The Future of Intelligence in Canada-U.S. Relations
The Couchiching Institute on Public Affairs and the Canada Institute hosted a roundtable discussion on bilateral relations in the realm of intelligence. Reid Morden, former director of the Canadian Security and Intelligence Service (CSIS), discussed the future of intelligence in Canada in the context of cross-border security priorities since 9/11.
The Future of Intelligence in Canada-U.S. Relations
The Canada Institute of the Woodrow Wilson International Center for Scholars co-sponsored a roundtable with the Couchiching Institute on Public Affairs on "The Future of Intelligence." The roundtable, with Reid Morden, former director of the Canadian Security Intelligence Services (CSIS) and former deputy minister of Foreign Affairs, as guest speaker, took place in Toronto on November 8, 2005. This program coincided with the launch of the Canada Institute's most recent One Issue, Two Voices publication on "Threat Perceptions in the United States and Canada," which addresses public attitudes toward risk and security in both countries, a recurrent theme in the discussion at the Couchiching roundtable.
In his half-hour presentation, Morden incisively covered a broad spectrum of intelligence and security issues. He stressed the similarities in the U.S. and Canadian approaches to combating terrorism. Although the two governments have policy differences over ballistic missile defense and the Iraq war, the two countries have comparable legislation to fight terrorism—the Anti-Terrorism Act in Canada and the Patriot Act in the United States. Morden talked about the Security and Prosperity Partnership (SPP) between the United States, Canada, and Mexico, describing it as a framework for mutual dependence and complimentary initiatives on a range of policy issues, including intelligence and law enforcement cooperation.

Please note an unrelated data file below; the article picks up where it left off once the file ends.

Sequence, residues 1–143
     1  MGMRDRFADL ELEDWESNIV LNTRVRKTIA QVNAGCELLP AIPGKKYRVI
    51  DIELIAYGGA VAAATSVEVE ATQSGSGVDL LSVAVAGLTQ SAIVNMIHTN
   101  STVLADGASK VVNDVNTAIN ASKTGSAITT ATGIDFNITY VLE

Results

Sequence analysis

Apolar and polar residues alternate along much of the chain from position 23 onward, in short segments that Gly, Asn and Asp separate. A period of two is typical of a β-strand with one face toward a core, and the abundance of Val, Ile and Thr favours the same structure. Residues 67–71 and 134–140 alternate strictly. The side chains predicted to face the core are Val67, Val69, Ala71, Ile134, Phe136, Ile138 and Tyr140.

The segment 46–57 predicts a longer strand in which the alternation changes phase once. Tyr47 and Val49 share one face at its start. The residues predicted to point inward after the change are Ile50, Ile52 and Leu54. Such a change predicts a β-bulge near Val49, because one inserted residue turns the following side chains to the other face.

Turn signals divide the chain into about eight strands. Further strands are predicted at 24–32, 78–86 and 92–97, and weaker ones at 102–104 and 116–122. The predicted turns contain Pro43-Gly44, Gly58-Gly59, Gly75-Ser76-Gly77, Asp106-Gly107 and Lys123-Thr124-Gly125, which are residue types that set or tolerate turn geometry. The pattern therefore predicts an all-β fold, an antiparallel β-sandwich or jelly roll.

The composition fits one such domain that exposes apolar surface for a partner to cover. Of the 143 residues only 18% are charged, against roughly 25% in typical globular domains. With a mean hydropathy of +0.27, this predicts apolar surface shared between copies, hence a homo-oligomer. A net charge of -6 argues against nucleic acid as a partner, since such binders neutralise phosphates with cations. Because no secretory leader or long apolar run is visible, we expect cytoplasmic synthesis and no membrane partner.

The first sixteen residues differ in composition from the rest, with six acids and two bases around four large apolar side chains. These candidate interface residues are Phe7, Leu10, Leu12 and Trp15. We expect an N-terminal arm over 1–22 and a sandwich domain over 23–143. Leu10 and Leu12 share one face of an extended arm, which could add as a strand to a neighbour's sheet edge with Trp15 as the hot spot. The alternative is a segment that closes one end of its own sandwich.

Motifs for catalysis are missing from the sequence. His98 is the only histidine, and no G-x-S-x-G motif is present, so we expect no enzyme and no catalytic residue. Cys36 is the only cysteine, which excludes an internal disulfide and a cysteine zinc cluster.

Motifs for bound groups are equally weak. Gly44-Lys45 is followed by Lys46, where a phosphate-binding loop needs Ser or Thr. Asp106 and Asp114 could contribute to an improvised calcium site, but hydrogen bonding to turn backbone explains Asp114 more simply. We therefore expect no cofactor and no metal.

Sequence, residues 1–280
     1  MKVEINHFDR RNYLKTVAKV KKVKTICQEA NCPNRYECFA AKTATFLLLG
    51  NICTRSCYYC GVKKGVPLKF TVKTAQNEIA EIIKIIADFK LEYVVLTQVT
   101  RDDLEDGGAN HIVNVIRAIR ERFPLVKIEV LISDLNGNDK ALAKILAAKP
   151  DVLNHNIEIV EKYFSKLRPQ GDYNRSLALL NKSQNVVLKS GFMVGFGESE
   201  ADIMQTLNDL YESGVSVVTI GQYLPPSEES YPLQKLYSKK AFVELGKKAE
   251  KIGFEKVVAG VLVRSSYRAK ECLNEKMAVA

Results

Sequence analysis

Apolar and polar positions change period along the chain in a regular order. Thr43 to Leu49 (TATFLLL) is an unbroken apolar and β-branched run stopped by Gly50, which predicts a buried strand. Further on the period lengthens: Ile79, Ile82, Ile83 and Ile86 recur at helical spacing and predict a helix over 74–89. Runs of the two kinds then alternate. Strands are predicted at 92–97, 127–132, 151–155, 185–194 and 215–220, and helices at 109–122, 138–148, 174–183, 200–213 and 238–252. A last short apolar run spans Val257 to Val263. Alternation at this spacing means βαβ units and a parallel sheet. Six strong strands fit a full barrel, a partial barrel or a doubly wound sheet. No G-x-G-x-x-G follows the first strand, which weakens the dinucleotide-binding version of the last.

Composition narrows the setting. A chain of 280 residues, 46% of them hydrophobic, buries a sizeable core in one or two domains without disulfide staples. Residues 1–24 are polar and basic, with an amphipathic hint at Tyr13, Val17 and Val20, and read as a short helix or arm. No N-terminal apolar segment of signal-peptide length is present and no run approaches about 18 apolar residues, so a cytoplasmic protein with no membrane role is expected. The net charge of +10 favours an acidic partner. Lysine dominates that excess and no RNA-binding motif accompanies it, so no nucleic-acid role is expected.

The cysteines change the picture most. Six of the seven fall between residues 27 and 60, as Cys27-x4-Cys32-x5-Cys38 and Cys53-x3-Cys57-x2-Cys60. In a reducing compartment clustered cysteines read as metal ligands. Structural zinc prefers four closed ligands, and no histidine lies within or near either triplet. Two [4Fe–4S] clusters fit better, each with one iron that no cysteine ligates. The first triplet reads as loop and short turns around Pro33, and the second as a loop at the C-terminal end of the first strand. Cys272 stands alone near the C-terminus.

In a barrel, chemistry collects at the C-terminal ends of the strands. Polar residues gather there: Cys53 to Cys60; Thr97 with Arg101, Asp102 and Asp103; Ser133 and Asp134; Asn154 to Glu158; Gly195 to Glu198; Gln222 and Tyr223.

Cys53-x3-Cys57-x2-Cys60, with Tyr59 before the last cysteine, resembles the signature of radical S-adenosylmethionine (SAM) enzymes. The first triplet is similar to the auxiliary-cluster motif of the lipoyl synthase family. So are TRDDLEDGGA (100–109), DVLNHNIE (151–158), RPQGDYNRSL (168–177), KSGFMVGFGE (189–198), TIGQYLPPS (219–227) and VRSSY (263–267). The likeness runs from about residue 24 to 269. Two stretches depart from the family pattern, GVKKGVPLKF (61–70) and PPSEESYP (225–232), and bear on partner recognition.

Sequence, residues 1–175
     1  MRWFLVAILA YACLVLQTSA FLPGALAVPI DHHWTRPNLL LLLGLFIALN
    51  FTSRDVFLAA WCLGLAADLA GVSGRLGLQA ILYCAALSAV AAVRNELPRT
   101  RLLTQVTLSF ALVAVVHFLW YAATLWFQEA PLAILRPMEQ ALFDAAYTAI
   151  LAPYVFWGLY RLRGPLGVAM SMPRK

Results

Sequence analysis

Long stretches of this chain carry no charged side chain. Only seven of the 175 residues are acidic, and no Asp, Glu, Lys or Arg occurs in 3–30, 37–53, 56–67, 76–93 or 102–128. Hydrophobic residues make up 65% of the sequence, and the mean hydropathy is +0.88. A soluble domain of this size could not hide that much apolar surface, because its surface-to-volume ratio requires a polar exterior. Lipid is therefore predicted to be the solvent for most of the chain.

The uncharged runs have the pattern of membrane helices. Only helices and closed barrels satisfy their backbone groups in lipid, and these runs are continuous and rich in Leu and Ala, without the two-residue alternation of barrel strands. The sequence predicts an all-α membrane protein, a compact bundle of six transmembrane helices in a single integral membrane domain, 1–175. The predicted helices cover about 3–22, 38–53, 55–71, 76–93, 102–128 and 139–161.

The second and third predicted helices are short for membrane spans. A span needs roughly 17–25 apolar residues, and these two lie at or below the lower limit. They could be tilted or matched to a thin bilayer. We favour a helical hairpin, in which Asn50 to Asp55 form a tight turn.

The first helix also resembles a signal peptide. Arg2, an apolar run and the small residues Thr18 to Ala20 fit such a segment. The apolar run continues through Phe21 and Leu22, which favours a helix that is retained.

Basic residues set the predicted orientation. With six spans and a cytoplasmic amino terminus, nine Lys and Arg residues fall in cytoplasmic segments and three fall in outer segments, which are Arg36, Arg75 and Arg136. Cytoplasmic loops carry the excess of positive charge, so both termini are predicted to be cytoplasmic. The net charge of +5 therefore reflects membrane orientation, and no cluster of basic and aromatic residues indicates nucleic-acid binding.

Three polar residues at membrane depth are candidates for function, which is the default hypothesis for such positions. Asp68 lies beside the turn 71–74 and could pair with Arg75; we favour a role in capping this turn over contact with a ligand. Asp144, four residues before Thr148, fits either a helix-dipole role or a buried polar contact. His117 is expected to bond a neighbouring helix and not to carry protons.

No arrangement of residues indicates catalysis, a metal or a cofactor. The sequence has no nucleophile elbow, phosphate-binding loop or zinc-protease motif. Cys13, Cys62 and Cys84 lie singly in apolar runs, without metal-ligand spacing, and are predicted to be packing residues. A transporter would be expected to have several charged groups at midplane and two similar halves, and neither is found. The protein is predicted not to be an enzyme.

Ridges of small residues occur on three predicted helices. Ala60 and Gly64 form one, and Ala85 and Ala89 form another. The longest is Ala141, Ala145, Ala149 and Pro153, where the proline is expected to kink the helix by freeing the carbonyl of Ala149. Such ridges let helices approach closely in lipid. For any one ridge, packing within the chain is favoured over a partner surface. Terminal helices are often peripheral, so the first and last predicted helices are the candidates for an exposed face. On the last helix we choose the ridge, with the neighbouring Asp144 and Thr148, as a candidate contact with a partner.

Morden emphasized that in both countries, now and in the foreseeable future, safety and security concerns would trump the costs to civil liberties and privacy, which would mean more rather than fewer measures to fight terrorism. He pointed out that we have the same embedded security ethic but for different reasons—the U.S. outlook on threat being driven mainly by terrorism, and the Canadian outlook by a multidimensional spectrum of threats ranging from environmental disasters to organized crime. Morden noted that whereas the United States was more worried about another terrorist attack on its soil, Canada was more concerned about the resulting economic damage from such an eventuality. Morden cautioned his audience, however, that being a close ally of the United States made Canada and Canadians a target of terrorism, and that Canadians, as a target of opportunity, needed to be prudent about protecting themselves. In no uncertain terms he warned that attacks will come in the future.
In describing how the nature of terrorism has changed, Morden pointed out that in the past terrorism was blamed on immigrant groups which imported their violence in contrast to today's terrorism which is prompted by our own policies and actions at home. The message that the intelligence community must convey to its citizens in this new world is that the execution of an attack on Canadian soil is a reality. In this regard, Morden went on to discuss the issue of leadership on the part of the RCMP and CSIS, and their role in explaining their operations involving the new threat posed by second and third generation terrorists. He said that to ensure the integrity of the bureau, and to maintain the public's trust in the intelligence services, there needs to be open debate about the methods they use to carry out their mission. There was discussion about how the United States was a much more open a society than Canada with greater debate on public issues such as intelligence gathering, and how Canada turn could benefit from being more forceful and decisive on security issues.
During the question period roundtable participants, made up of academics, businessmen and students, queried Morden about whether he thought the threat of terrorism was exaggerated in the United States. He replied that the perceived threat in the United States was very palpable and real.
In conclusion, Morden told his audience that the intelligence business today was not about who you like but about where you pursue your interests. This prompted a final question about the purpose of a security service today. Morden replied that there had been a sea change in focus from counter espionage in the days of the cold war to counter terrorism today which was much broader in scope and more difficult to define.
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